The former chief executive of National Grid will this week be named as the chairman of the ultrafast broadband network vying to become BT Group’s biggest British rival.
Sky News has learnt that Steve Holliday, who won plaudits among investors during his tenure at the energy infrastructure group before he stepped down in 2016, has agreed to take the helm of CityFibre.
Mr Holliday’s appointment, which is expected to be announced on Tuesday, will strengthen CityFibre’s ambitious expansion plans as it rolls out a £2.5bn investment programme.
The company, which is owned by Goldman Sachs-backed West Street Infrastructure Partners and Antin Infrastructure Partners, has committed to providing a new generation of wholesale full-fibre broadband to more than 5m homes and businesses by 2025.
That timetable coincides with a pledge made by Boris Johnson when he became Prime Minister to have comprehensive nationwide fast broadband by the same deadline.
Mr Holliday will bring a wealth of experience in overseeing critical utility infrastructure to the role.
Since leaving National Grid, he has served on the board of the Department of the Environment, Food and Rural Affairs, been chairman of the homelessness charity Crisis and a director of Business in the Community, among other roles.
One source described Mr Holliday’s recruitment as part of “a general upgrade” of CityFibre’s management following the arrival of former Goldman partner Simon Holden as chief operating officer.
Mr Holliday’s appointment at CityFibre comes as the company progresses discussions about a bid for a rival venture set up by TalkTalk, the FTSE-250 telecoms group.
Sky News revealed recently that CityFibre is among a small number of bidders battling to take control of FibreNation, which wants to build fibre connections to 3 million UK homes.
CityFibre’s interest underlines the land-grab taking place for share of a market given added impetus by Mr Johnson’s broadband pledge.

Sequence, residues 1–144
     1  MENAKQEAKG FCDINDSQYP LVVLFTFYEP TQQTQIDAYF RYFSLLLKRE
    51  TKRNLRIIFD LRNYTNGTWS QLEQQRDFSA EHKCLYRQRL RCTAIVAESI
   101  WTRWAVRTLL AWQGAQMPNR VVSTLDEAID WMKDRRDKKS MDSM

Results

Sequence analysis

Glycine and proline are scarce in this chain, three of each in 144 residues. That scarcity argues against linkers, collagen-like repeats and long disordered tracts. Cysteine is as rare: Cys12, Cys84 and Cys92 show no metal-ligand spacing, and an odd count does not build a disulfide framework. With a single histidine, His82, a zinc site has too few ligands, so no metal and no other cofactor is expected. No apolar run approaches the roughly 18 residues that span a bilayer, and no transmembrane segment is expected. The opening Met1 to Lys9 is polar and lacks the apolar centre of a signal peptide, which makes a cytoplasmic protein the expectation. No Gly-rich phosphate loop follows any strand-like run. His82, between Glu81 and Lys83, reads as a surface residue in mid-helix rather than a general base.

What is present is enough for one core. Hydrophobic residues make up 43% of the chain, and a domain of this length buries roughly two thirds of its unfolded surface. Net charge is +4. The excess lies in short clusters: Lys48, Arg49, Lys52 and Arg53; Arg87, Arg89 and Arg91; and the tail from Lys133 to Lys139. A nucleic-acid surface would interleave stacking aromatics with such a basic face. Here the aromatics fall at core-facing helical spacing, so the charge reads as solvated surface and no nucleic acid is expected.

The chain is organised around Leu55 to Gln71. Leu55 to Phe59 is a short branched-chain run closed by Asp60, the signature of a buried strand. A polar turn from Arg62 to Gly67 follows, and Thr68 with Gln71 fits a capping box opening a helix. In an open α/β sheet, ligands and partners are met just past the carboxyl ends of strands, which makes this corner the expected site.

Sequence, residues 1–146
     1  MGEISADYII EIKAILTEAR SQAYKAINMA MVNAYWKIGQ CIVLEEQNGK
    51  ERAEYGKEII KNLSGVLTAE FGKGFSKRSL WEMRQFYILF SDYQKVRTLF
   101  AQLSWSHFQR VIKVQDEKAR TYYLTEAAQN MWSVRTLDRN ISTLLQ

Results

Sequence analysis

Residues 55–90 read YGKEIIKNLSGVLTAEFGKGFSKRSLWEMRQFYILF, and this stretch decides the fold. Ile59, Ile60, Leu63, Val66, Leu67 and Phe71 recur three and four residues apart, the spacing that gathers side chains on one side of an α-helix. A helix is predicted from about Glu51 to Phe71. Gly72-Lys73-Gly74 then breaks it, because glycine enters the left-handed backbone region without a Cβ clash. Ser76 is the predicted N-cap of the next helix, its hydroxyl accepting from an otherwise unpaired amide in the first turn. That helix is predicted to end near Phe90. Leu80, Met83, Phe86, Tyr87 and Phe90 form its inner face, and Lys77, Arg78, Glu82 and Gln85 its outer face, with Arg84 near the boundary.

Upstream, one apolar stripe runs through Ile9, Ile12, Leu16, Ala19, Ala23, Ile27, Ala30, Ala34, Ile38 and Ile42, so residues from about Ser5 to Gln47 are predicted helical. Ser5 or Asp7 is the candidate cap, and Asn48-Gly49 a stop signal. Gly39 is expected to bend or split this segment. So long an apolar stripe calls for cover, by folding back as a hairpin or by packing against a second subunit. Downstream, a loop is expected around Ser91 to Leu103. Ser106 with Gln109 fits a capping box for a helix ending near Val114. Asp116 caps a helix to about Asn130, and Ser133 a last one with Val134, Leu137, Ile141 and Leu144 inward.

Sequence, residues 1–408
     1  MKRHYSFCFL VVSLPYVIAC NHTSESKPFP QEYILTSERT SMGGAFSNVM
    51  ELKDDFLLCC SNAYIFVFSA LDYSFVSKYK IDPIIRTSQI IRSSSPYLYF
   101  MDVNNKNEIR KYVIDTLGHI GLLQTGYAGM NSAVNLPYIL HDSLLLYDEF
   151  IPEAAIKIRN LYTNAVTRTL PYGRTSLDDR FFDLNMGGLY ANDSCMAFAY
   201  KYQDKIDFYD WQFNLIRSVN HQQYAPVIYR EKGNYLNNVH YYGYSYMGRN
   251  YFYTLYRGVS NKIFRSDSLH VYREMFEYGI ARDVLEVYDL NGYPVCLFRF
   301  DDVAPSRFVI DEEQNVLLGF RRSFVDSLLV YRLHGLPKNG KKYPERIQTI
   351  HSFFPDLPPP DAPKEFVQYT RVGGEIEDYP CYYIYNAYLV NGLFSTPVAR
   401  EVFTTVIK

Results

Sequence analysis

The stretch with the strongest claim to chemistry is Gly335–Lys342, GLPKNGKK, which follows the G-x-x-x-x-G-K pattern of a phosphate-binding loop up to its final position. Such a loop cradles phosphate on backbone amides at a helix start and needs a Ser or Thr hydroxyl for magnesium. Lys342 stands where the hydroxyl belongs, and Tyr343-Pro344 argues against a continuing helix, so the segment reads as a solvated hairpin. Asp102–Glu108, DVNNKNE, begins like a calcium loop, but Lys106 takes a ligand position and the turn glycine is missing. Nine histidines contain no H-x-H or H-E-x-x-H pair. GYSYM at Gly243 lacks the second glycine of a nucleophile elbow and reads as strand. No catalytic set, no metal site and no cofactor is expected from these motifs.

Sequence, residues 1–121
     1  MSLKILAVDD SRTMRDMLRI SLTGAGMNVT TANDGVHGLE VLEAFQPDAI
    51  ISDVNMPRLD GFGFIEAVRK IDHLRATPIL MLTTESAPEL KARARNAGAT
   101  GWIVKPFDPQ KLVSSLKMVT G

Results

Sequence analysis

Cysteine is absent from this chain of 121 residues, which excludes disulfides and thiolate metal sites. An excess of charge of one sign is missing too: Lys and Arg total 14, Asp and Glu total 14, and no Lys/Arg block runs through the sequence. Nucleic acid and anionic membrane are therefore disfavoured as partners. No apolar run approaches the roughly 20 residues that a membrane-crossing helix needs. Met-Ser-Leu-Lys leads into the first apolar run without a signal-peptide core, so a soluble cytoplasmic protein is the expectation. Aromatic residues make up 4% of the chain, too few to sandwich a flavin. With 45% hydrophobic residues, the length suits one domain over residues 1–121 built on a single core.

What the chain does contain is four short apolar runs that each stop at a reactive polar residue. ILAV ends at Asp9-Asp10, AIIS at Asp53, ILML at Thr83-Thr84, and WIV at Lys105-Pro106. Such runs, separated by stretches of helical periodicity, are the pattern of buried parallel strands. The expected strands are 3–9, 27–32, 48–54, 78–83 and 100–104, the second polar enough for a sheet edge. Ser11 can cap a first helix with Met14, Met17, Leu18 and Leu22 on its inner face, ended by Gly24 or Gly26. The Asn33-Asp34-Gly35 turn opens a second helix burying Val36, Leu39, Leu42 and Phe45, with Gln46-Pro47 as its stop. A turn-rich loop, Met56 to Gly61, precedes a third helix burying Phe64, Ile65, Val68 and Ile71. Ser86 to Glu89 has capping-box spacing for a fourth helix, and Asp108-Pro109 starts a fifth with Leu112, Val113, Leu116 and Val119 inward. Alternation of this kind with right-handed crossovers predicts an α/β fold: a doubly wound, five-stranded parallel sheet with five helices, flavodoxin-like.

Both CityFibre and FibreNation are among a string of independent companies set up in the last decade to deliver full-fibre communications to British homes and businesses.
For the Goldman-backed venture, acquiring FibreNation would provide additional customer volumes to its business.
CityFibre has struck an agreement with Vodafone to be its first ISP customer, and late last year announced a £1.12bn debt package from banks including Deutsche Bank, Lloyds Banking Group and NatWest, part of Royal Bank of Scotland.
Like other new competitors, CityFibre has been set up to seize market share from Openreach, the BT Group subsidiary which now operates on a more arms-length basis from its owner.
Liberty Global, the owner of Virgin Media, is in the process of establishing a new joint venture in order to compete in a more expansive way in the broadband market.
A number of smaller players, including Hyperoptic and Gigaclear, have also been set up, leading analysts to question how many of the new companies are likely to be financially successful.
BT, meanwhile, has signalled that it may cut its dividend in order to fund the huge investment required to accelerate full-fibre broadband provision.
The possible reduction to shareholders’ payout will be among the biggest calls made by Philip Jansen, BT’s new chief executive, and his colleagues on the board.
The prime minister has made a comprehensive roll-out of ultrafast broadband a cornerstone of his pitch to voters.
His chief business adviser is Andrew Griffith, the former chief financial officer and chief operating officer of Sky News’ immediate owner, Sky.
Nicky Morgan, the new culture, media and sport secretary, is understood to be planning to meet industry bosses later this week to discuss the government’s plans.
A CityFibre spokeswoman declined to comment.